23. Slowly advance to residence halls.
24. After about five minutes, reach the main university entrance.
25. Realize that you missed the path to your hall a while back.
27. Arrive at your hall. Be directed to a temporary unloading spot in the fire lane.
28. Get your keys and a mandatory, charged emergency pack from the desk.
29. Learn that while you thought “first floor” meant, like, first floor, in reality the ground floor is the third floor.
30. Take your stuff to your dorm room with parents and a volunteer.
31. Attempt to open the door with your mailbox key.
32. Unpack and get settled.
33. Realize that you forgot to bring a desk lamp. This is the beginning of several such revelations.
34. Open that emergency pack from earlier and be momentarily amused by the contents.
35. Attempt to go back up, and find out that the stairs are the only way up and down while people are still using elevators to unload.
36. Later, be frustrated at the stubbornness of the heater to blast at full strength even though it’s really hot in the room with the window open.
37. Be more frustrated that there are no controls.
38. Seriously consider going Greek.
39. Remind self to at least blog about this or something so that the experience won’t be lost.
40. Remember to write the blog post two days after moving in.
(The dorms themselves are fine, if you’re wondering. And I have it better than, say, people who need to go upstairs just to go to the bathroom. But that’s not the point of this post.)
The more free time I have, the less stuff I tend to want to do. Looking back over the summer, this has been especially true: I got a lot more done when I was working as a tutor or had business to take care of rather than when I had nothing pressing to do.
I had been biding my time for a lot of summer: just waiting for stuff to happen, for someone or an event or a responsibility to come and jolt me out of inaction, and eventually, for summer to end and college to begin. And that works, for the most part. It gets all the jobs done, it’s efficient, and you get to have just as much fun doing things.
But this mode of living is transitory; it only lasts until life actually picks up and starts again. And perhaps because I subconsciously know that this is the case, so is nearly everything I do during that time. I don’t try exceptionally hard to forge new relationships when in this state, because it feels like I’ll know them just temporarily. I tend to not want to start new things when in this state, because it probably won’t last.
Of course, I’m not like that most of the time, or even for all of summer. I did get to know new people this summer, and I did start new things. When I get over the lethargy and pessimism, I’m totally fine. But I’d prefer that I don’t have to get over anything to do things that I want. Which is the biggest reason I want school to hurry up and start, to bring back an assurance of permanence to life.
These past couple weeks, I’ve had several occasions where I really had to take my mind and sail it out to the future. Pardon the nonsensical metaphor, I mean that I’ve had to think about the future a lot recently. I’m always a little reluctant to do this, because no matter how I try to spin it, the conclusion’s always the same: I’m going to have to work my arse off for the next couple years. For a future that’s never necessarily certain. Not the most encouraging thought.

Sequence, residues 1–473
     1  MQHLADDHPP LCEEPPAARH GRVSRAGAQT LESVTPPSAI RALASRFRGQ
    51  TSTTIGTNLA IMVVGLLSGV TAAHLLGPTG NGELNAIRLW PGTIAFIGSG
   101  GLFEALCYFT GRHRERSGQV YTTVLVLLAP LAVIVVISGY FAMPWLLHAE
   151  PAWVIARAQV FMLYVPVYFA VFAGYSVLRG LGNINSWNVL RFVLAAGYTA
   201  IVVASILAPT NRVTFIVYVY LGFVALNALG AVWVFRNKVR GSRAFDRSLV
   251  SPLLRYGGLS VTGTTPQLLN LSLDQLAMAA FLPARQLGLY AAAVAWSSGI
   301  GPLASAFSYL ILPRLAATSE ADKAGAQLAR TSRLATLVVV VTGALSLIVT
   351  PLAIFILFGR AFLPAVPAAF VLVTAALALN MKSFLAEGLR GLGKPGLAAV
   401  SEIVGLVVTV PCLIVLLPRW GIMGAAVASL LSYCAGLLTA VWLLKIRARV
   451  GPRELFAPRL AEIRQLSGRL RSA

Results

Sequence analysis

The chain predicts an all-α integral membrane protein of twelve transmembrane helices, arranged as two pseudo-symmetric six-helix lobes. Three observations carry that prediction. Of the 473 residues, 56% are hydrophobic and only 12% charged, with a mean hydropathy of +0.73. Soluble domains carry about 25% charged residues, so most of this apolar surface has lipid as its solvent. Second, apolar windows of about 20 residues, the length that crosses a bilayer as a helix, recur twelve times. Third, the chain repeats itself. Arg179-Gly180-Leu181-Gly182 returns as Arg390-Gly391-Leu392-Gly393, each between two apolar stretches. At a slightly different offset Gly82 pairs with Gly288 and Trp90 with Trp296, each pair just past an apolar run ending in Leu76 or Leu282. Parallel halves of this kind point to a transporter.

I had opportunities open to me in high school, ones that are no longer open now. Partly for reasons I can’t control, like getting older, but also because of my own shortcomings. I don’t wish to have to feel that ever again–that I ruined what could have been by my actions (or lack thereof). It’s a nagging feeling, that. There’s no way to prove or disprove it, so the best you can do is to not concern yourself with it anymore. I think either I or time did a pretty good job of getting myself over it this first time, which is why I’m definitely not trying to put myself through another round of it.
Hearing about other high-achieving people doesn’t help when you’re in that state. Like your own cousin getting into Korea’s #1 school as a high school junior, or the kid from the Korean equivalent of 4chan winning a gold in the World Skills Olympics, or everyone around you that got into Columbia or whatever. It doesn’t matter if people say that you were in a different situation than them, that you had hardships. You still know that maybe you could have done something, anything, differently, and any of those people that were mentioned could be you today.
I am still more than grateful to be where I am. Just like in high school, I have opportunities that are open to me right now that will no longer be open in a few years. I’m going to have experiences and develop relationships that otherwise would not have been experienced and developed otherwise. So I’m going to try and do it right this time–college, without regret. That involves making the most out of the time I have. There’s so much that I always wanted to do in this setting, but only a few years to do them all. I’ll be doing the whole competitive admissions thing again when I do graduate school, and I’m not sure if I could forgive myself very easily if it doesn’t work out because I didn’t make the best of my opportunities.
What do I want to be like when I get out? With a diploma and a degree, yes. Preferably in about three concentrations. I should be infinitely wiser and more learned and knowledgeable and cultured than I am now. There are several hobbies that I would like to have picked up and be enjoying by then (one of those is writing. Oh wait…). I want a large network of people, both in friends and professionals. I want to have an even firmer drive and motivation for the life after. And I want to be assured that I spent my college years fruitfully.
I would express this as “work hard, play hard”, but even barring the fact that I think that phrase is a little silly, it still doesn’t fully represent what I’m trying to do. I don’t know if I even know what I’m getting myself into yet. The last thing I need is for myself to be worn out by rigor and give up. It’s a given that I won’t be all pumped up all the time. On some days, I’ll become lax and lazy and not want to do stuff. On other nights, I’ll renew my determination, and ask for strength. I’m just going to need to make sure that second option happens more often.
We’ll know what comes out in a few years. I think I’m going to be pretty smug with myself if I do everything I just said. I’m not going let this consume my life, though–balance, balance, balance. Just help me to not drop out, would you?